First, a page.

Inside Holden Caulfield’s Head

This morning, I dreamed I was Holden Caulfield from The Catcher in the Rye. I’ve mentioned before that I’m a very vivid dreamer – and, believe me, I really felt as though I was in Holden’s head. It wasn’t a pleasant place to be.

My dream didn’t follow the book’s storyline: the New York it was set in was a stylized, almost timeless city, with features from today as well as yesteryear; the series of experiences I had as Holden were different, though as in the book there was a general spiralling out of control; and unfortunately I woke up before someone came to ‘rescue’ me from myself. In fact, I was left feeling very depressed. It was as though the feeling was “sticky” and clung on after the dream was over. I hate that.

I remember one scene from my dream particularly vividly. I was sitting at a dinner with a bunch of men, and someone who was Holden’s grandfather was hosting the lunch, and sitting almost opposite me. (There is no grandfather mentioned in the book; this was a product of my imagining mind.) I had a glass and a half of red wine with my meal, and almost instantly became very intoxicated. I started to behave quite badly, in the end stumbling up from the table and lurching over to the maitre d’s desk and grabbing a fistful of money from the till, shoving it down my front but deliberately leaving a $100 note showing. I asked the maitre d’ to give me another table, which he did (right down the back of the restaurant), where I promptly proceeded to pass out.

There were other scenes; my Holden trying to get a friend to purchase something, time in Central Park, the view of a school – but this image stuck with me, maybe because of the shame attached to becoming so intoxicated in public.

Anyway, what I hated most was waking up feeling depressed. I hate that! Just yesterday I was thinking how my mental health has been ‘moving forwards’. Thankfully, writing this dream down has been cathartic, has drained it of its power. I’m shaking off the shackles of waking up in feeling yucky. I think today’s going to be OK.

And, you know what? Holden wasn’t able to save himself from himself: he needed his little sister to help him find his way back ‘home’, so to speak. But this morning, I’ve been able to find my own way back to feeling OK again.

Yeah, I’m quietly proud of that πŸ™‚


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13 responses to “Inside Holden Caulfield’s Head

  1. The scene with you stuffing all the money down your top had me giggling. πŸ˜‰ Congrats to you for finding a way to rob the dream of its power!


  2. happilydpressed

    I loved this book. Maybe I’ll read it again thanks to you. It’s nice to have fun dreams, and it’s great that you’re pushing yourself (:


  3. I have the same issue with dreams. They can be very very vivid and leave me waking up the same. :/ The worst part of it is that “vivid dreams” is the symptom of almost all depression medication, too. Ugh…

    You’re doing the right thing by writing about it though. When I don’t talk about my dreams to my SO, I stay depressed all day. It can help to just.. get them out there in the open, unpack them a little bit. The subconscious is a messed up thing sometimes…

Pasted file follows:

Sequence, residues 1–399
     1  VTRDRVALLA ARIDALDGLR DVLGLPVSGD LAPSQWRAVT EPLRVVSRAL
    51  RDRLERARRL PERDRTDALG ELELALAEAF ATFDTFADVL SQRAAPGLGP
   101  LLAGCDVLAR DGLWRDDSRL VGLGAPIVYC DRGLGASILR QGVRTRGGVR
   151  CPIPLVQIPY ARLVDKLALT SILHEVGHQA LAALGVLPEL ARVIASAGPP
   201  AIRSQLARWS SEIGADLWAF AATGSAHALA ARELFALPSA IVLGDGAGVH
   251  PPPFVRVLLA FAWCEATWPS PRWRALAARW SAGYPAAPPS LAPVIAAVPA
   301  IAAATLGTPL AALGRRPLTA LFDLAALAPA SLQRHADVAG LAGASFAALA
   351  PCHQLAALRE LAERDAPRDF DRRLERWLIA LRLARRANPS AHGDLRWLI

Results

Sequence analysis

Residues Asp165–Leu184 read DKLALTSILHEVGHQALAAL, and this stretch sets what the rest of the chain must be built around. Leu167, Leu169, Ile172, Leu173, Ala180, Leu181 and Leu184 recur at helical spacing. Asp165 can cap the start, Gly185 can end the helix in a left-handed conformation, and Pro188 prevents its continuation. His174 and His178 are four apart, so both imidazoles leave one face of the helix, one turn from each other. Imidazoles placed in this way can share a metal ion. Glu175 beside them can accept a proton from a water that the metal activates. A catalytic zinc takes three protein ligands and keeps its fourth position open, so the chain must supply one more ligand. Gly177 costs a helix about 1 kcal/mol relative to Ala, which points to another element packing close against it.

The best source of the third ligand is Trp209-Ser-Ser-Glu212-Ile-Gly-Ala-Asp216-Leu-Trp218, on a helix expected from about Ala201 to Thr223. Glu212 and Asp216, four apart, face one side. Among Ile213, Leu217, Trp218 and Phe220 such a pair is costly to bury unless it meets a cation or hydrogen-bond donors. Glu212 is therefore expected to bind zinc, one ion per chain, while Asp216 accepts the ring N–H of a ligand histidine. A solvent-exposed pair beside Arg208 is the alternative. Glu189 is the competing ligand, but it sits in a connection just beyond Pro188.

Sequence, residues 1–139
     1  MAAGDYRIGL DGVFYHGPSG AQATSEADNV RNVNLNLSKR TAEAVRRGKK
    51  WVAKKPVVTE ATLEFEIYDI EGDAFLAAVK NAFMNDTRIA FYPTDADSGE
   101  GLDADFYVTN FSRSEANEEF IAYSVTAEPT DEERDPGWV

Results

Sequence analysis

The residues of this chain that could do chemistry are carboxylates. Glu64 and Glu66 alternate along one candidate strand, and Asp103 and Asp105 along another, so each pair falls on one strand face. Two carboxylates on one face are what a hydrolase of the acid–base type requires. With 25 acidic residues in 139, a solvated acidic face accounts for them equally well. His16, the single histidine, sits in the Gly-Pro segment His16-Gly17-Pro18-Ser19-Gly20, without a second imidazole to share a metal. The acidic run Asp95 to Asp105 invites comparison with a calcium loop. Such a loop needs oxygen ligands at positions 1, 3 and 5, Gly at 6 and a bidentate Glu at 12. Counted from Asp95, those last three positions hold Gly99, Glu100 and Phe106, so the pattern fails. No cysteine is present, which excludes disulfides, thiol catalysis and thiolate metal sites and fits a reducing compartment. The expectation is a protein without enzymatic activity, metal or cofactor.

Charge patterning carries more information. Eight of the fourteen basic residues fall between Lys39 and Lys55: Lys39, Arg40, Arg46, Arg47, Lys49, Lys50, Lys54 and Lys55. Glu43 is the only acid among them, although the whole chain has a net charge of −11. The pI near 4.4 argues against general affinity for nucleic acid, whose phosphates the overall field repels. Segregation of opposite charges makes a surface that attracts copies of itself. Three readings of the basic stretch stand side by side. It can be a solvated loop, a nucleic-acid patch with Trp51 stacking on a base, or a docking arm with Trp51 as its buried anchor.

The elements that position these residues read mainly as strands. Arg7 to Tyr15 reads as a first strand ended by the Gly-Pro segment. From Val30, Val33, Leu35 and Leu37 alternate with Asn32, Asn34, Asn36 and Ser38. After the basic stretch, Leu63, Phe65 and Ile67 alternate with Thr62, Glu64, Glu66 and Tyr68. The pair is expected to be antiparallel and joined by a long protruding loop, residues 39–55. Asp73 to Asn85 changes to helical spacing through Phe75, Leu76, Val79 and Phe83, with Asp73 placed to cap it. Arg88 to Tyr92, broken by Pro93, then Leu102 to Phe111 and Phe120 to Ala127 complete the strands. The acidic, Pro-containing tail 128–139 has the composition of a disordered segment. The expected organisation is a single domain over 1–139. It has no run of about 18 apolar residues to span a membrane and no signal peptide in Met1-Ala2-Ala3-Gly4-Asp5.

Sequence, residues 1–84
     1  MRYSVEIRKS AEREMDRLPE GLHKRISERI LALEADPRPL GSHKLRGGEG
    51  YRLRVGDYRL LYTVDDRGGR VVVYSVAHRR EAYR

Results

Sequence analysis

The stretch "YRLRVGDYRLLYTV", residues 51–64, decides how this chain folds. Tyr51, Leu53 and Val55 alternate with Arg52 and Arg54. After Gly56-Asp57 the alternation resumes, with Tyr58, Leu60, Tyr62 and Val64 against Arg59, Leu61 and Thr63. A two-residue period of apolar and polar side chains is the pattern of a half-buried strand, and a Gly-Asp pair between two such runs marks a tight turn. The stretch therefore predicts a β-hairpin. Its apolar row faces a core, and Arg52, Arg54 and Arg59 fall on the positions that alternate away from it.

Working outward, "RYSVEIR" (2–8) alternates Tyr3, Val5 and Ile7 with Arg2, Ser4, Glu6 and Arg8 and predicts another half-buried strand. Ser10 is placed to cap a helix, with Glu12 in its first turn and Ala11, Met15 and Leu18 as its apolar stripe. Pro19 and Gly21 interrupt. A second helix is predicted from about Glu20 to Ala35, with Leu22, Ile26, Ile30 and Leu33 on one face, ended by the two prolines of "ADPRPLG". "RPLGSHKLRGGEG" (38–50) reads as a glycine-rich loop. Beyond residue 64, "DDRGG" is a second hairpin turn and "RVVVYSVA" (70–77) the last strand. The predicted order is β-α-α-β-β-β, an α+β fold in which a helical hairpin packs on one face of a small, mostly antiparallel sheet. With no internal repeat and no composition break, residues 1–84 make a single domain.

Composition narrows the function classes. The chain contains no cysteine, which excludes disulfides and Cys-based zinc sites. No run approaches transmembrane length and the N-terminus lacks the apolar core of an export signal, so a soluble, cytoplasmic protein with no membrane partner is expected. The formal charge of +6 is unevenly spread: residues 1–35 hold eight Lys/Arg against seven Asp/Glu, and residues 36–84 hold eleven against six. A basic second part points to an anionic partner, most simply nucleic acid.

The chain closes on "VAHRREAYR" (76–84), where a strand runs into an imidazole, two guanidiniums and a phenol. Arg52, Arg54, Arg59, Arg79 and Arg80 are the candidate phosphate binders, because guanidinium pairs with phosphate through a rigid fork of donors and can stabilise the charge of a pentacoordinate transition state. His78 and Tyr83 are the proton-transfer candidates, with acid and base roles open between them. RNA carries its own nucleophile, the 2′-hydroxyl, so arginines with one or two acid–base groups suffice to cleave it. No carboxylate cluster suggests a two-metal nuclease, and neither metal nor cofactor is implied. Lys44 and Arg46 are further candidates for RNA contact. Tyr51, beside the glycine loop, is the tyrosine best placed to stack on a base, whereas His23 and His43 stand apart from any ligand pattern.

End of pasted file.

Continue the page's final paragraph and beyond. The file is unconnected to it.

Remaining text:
• Yes … the good old subconscious! I’m actually drafting a post about it right now. Such a powerful, unknown force …


      • It is… and dreams seem to be a manifestation of that subconscious partially coming into the front of the mind. My therapist helped me see a bit of that just this week, but… goodness! There can be a lot to un-wravel when it comes to what dreams are communicating. :/ Goes too deep, into things we don’t even realize we’re thinking about.

        Look forward to the post! I hope writing helped get past that initial funk… Waking up depressed is hard to overcome, I know….


      • It’s been an up-and-down day, more down than up, I’m afraid. Saw my therapist and dug deep, which was hard, but then went and visited my friend who’s an inpatient at the moment, which inspired the post I’ve just put up. She, her roommate and I were pissing ourselves, making up psych-related TV show names! Not bad for a woman who’d had a dose of ECT and a dose of Seroquel within the last few hours, another woman reeling from her therapy session, and the third more or less on the level … I hope it brings a smile to other peoples’ faces. Or maybe you just had to be there …


      • Nah, I think the list is hilarious. πŸ˜› And I’m not a huge TV show person.

        Sounds like an intense day though. Therapy, AND visiting a friend inpatienting. It’s good you had some laughs together, but I’m sure it wasn’t the best situation to hang out in either.

        Just thinking of your day makes my head go into a “confused processing cycle.” Hehe. Take good care of yourself and give yourself time to process those digging hard sessions and life situations. πŸ™‚ .


      • Thanks! You’re right, it was a HUGE day, and then – when I was just trying to take a nap – I was offered a place in a day programme I’d been interested in for a while. Lots to process. I’ll sleep well tonight.


  4. Pingback: H: Hidden | In & Out, Up & Down: Dysthymia Bree's Musings On Mental Health and Psychiatric Wards

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